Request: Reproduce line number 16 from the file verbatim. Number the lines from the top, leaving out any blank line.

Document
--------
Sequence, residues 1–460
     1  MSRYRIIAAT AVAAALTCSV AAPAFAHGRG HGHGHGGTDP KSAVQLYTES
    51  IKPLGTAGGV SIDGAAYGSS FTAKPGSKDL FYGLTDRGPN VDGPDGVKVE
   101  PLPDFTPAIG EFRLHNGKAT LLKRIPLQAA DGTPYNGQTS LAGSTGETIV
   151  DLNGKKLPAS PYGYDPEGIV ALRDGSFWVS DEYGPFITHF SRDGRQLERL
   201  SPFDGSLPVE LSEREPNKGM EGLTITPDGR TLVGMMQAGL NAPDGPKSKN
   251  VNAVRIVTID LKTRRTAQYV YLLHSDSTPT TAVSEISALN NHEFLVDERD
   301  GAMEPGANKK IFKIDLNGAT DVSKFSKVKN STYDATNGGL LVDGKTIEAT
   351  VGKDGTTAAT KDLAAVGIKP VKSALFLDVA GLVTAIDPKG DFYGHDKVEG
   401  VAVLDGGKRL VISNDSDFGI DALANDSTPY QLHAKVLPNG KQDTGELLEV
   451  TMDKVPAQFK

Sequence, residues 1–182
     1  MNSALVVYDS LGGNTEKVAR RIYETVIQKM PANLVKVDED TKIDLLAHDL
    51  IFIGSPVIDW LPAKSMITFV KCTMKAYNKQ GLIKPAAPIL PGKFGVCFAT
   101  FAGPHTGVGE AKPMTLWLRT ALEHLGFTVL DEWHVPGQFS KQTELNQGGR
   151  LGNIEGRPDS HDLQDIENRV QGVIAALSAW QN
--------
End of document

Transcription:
   151  LGNIEGRPDS HDLQDIENRV QGVIAALSAW QN